Painting Eyes On Cows’ Butts Can Scare Away Predators - Modern Farmer

Painting Eyes On Cows’ Butts Can Scare Away Predators

This crafty little tactic defies the highbrow standards of academia.

Watching your back has a new meaning.
Photography by Ben Yexley

What do you get when you paint a pair of eyes on a cow’s butt? The answer: a cost-effective approach to scaring predators away.

The promise of this simple trick, called the “i-cow” solution, has been highlighted in a recent paper using 2,061 cows on farms in northern Botswana’s Okavango delta region. The study compared how predators reacted to cows that sported eyes on their rear end, ones that had “x’s,” and some with bare backsides. The “i-cow” method involves applying acrylic paint on the bums of cattle with foam stencils that look like a sketch of an eye. The eyes trick certain predators, such as lions and leopards, that try to sneak up on livestock, into thinking the animals can see them. 

Researchers tracked herds over a four-year period and found that 15 out of the 835 unpainted cows were killed by predators, four of the 543 cattle with “x’s” died, but every single one of the 683 animals with eye doodles were still alive. 

Neil Jordan, a conservation biologist and lecturer at University of New South Wales in Australia, is the mastermind behind the method. 

He came up with the idea a few years ago when he was based in a village in rural Botswana doing conservation work. Jordan recalls a situation of two lionesses being killed by farmers after preying on their cattle. Given the fact that the African lion is a vulnerable species whose population has shrunk significantly in recent years, Jordan says he was encouraged to find a non-lethal approach that could promote coexistence. He says he thought about how eyes on cows might work because they have been an effective tool in deterring predators from going after certain butterflies, fish and amphibians. 

“There are benefits to learning to live with particular individual predators because you can teach them not to eat your livestock essentially. And that’s better for the ecosystem in general,” he says. “I guess the only thing we could have lost was a bit of face if it didn’t work out, but it seemed to do the trick.” 

Initially, he partnered with the Botswana Predator Conservation Trust to test his idea over the span of 10 weeks with a local farmer and like the most recent results, all of the cows with painted eyes survived. 

Despite the positive results, Jordan says the method isn’t a sure solution as there were some caveats with how the study was conducted. He says that if farmers painted eyes on the backside of all their cows, predators might eventually figure out that the eyes aren’t real. By having cows without painted eyes, it’s a clear, easy target for predators that doesn’t force them to have to approach the ones with painted butts. Further research should determine its effectiveness, he says, but he suggests that if farmers want to test it out, they can paint the backside of their most valuable cattle.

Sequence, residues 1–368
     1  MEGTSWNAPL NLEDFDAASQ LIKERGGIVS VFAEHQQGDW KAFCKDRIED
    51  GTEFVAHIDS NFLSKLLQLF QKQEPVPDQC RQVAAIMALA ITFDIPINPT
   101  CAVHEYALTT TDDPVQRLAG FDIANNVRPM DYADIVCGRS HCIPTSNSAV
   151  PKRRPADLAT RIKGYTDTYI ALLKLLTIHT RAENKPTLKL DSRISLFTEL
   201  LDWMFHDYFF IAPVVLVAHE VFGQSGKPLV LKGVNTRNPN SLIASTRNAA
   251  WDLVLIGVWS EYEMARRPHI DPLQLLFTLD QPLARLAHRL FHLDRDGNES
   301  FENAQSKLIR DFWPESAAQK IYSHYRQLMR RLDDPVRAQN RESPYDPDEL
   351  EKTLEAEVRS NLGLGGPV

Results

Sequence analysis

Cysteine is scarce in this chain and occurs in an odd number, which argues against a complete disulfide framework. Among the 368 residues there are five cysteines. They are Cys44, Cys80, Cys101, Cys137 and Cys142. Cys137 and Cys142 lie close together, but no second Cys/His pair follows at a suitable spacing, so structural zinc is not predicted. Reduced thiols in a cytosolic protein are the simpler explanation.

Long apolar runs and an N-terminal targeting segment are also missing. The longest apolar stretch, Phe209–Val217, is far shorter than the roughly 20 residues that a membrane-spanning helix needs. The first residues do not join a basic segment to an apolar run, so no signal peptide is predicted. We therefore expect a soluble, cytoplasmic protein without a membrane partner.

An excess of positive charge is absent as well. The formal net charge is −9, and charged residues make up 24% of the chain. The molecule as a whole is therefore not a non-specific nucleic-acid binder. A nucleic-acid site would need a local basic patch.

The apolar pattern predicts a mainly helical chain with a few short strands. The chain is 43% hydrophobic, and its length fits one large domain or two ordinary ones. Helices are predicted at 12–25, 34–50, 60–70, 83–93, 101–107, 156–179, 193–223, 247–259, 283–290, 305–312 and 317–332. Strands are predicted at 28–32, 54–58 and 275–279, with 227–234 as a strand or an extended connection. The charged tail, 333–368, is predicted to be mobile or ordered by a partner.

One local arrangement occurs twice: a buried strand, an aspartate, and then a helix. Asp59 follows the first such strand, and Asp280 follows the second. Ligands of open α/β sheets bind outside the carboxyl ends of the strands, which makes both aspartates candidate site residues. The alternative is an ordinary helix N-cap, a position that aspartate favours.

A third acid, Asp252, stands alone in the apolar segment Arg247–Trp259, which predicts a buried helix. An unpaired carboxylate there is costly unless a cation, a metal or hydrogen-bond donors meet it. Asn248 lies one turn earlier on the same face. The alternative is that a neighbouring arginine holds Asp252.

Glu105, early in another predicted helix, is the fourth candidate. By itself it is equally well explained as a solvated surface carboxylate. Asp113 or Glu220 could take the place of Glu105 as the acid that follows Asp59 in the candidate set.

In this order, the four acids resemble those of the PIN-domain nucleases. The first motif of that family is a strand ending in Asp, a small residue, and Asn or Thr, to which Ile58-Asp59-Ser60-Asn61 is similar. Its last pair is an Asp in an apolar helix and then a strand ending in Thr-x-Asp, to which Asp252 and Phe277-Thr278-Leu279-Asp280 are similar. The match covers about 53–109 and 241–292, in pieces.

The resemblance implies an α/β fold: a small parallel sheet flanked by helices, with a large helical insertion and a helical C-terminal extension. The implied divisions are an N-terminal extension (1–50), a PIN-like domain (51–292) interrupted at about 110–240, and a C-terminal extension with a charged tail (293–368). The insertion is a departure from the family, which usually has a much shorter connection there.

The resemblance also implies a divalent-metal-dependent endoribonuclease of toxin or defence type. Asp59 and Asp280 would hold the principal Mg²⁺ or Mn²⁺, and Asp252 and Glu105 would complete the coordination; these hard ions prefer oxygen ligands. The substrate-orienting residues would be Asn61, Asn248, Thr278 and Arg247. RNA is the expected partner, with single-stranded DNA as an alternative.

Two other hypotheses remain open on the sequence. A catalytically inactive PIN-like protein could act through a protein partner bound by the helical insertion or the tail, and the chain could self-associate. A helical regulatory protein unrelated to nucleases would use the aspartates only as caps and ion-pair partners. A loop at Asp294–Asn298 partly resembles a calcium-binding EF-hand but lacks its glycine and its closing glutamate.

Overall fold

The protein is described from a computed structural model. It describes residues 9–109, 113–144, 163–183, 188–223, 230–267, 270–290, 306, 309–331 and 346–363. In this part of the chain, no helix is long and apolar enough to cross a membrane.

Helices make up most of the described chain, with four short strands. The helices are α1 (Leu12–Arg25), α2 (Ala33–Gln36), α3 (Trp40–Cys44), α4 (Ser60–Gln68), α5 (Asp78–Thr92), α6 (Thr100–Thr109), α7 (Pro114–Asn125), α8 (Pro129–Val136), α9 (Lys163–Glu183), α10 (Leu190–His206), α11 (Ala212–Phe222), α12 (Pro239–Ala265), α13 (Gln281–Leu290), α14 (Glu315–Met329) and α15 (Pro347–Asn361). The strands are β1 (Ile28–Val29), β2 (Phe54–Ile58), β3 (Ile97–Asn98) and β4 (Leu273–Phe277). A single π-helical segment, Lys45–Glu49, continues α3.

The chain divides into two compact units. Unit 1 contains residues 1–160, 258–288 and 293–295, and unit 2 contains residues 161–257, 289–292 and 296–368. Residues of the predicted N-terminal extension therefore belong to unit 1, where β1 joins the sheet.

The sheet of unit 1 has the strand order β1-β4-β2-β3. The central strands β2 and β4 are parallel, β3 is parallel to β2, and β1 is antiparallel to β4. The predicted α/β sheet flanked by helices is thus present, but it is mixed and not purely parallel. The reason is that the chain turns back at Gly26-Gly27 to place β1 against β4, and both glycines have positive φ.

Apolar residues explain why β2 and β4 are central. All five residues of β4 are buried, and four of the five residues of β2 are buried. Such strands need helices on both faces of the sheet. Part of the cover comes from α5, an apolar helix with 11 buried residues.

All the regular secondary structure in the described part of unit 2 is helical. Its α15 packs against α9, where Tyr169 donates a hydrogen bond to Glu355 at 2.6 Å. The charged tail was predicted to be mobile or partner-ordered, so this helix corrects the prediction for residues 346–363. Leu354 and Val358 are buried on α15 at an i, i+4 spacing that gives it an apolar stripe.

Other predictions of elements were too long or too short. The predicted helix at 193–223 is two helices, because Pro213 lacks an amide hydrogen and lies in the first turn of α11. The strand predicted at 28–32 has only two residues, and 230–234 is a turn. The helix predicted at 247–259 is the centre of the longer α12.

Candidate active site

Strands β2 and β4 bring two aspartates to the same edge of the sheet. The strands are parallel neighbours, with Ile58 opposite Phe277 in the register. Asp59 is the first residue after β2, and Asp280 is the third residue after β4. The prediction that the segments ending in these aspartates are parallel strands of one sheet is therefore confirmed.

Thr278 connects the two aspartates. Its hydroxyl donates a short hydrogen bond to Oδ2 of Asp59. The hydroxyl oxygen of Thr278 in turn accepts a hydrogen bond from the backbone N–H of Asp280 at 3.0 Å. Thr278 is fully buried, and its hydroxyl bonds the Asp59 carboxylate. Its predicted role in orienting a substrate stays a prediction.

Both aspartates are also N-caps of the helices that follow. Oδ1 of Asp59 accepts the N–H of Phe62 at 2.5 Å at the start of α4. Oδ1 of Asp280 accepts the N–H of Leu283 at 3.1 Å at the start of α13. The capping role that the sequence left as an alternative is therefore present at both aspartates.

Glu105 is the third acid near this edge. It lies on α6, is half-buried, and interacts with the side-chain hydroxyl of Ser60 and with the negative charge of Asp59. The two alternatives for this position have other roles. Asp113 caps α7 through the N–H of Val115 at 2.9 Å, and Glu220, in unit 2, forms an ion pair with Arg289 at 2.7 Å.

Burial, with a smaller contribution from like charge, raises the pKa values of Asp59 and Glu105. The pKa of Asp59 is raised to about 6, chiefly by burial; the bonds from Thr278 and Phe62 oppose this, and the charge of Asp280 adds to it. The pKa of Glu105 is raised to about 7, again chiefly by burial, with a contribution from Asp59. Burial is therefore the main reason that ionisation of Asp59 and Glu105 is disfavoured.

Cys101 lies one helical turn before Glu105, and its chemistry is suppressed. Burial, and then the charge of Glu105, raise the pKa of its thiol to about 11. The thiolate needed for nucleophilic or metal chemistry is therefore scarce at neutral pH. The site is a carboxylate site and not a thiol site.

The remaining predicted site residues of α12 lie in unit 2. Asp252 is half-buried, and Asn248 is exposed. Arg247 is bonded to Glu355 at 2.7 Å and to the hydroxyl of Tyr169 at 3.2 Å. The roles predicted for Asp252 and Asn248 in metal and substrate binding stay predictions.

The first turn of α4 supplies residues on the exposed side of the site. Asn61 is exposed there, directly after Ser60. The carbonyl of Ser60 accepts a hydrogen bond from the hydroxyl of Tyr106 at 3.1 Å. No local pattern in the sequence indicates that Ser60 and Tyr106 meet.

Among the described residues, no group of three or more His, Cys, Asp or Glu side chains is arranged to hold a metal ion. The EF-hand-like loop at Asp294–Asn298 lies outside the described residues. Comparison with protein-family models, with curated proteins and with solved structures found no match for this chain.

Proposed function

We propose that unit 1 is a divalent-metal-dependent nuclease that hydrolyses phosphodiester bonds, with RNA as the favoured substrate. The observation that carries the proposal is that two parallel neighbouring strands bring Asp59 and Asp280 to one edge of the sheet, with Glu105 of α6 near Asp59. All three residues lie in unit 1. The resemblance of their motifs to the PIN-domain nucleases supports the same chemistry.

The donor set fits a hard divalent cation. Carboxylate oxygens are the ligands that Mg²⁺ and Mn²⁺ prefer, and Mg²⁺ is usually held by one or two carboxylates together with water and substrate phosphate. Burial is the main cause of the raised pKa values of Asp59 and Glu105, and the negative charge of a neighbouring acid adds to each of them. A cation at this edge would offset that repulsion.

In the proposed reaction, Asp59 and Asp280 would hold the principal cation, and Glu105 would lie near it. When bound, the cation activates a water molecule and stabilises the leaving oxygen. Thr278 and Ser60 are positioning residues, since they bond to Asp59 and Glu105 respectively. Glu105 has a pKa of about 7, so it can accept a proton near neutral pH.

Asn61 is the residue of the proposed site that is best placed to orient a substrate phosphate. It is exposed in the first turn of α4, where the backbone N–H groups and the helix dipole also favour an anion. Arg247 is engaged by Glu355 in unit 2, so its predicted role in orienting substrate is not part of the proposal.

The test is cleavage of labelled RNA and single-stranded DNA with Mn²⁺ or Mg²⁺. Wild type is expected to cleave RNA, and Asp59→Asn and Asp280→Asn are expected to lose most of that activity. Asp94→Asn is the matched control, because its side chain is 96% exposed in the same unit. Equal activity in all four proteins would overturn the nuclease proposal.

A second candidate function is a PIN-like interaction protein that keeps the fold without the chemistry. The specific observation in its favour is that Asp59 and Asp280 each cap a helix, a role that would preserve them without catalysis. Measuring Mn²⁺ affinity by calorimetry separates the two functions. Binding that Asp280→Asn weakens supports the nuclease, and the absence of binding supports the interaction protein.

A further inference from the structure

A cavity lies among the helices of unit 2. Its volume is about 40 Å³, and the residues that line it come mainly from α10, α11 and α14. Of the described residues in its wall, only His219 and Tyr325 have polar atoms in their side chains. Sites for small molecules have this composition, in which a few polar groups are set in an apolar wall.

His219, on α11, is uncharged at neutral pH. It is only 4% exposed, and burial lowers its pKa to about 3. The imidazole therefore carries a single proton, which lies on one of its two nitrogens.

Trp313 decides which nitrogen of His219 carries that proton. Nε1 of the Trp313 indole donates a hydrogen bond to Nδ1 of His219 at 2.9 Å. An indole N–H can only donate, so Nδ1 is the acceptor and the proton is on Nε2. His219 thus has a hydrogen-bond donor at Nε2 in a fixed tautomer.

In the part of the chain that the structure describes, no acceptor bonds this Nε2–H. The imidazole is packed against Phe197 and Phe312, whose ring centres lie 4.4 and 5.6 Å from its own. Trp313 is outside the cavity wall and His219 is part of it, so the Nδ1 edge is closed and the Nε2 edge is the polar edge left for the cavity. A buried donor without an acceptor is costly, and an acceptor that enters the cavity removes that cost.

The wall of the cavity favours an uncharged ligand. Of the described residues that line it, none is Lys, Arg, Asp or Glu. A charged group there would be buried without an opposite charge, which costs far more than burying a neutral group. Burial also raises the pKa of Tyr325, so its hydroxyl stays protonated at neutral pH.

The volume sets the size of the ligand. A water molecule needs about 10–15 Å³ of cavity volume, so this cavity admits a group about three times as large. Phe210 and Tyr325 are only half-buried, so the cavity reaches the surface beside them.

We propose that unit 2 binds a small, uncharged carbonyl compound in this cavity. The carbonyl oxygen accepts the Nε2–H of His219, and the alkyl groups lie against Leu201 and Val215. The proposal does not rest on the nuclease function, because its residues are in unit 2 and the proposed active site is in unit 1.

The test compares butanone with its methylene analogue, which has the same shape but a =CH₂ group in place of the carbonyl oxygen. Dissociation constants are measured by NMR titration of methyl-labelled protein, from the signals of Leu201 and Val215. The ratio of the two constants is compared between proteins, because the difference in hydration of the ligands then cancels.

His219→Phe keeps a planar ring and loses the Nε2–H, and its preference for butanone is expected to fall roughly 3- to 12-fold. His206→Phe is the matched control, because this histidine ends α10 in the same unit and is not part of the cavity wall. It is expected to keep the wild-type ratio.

However, he’s still hoping that the “i-cow” becomes a widely used technique to at least reduce predator attacks and promote the coexistence between large carnivores and livestock. A “coexistence officer” currently in the Botswana region has been promoting a number of non-lethal techniques, including Jordan’s. He’s helped create videos and step-by-step guides that offer an explanation on using the method. And since the study has wrapped up he’s aware of farmers from India, Kenya, Argentina and Peru who have been working to implement the technique. 

“I think the farmers are just happy that someone is trying to help with this,” Jordan says. “There aren’t many non-lethal tools out there, so this might fill in the gaps… All you need is a paint pot, paint brush and a little bit of artistic talent.” 

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Katherine Goodwin
3 years ago

As the article makes clear, this idea came from two guys for the University of New South Wales. So I don’t get why you had to have such a snarky, condescending subtitle, taking a nasty swipe at the very people who came up with the experiment.
Science and education are important. Please don’t add to the anti-education,anti-science attitude pervasive today.

Andre Mouton
3 years ago

If only 1% is lost anyway maybe the the perseption of the problem is greater than rhe reality. I would like to now what the effect on marking calves was. I am farming in namibia and in general we mostly lose calves very little cows. Clave losses can be up to 30%.

John Vanrorisen Simasiku
1 year ago

May you kindly link me to Neil Jordan, as I would like him to grant me permission to do trial study on cows in Namibia (Caprivi region) next to Kasane and Kavango Delta.
Lions are terrorizing our livestocks.

I am also looking for the equipments or materials required to start painting animals. I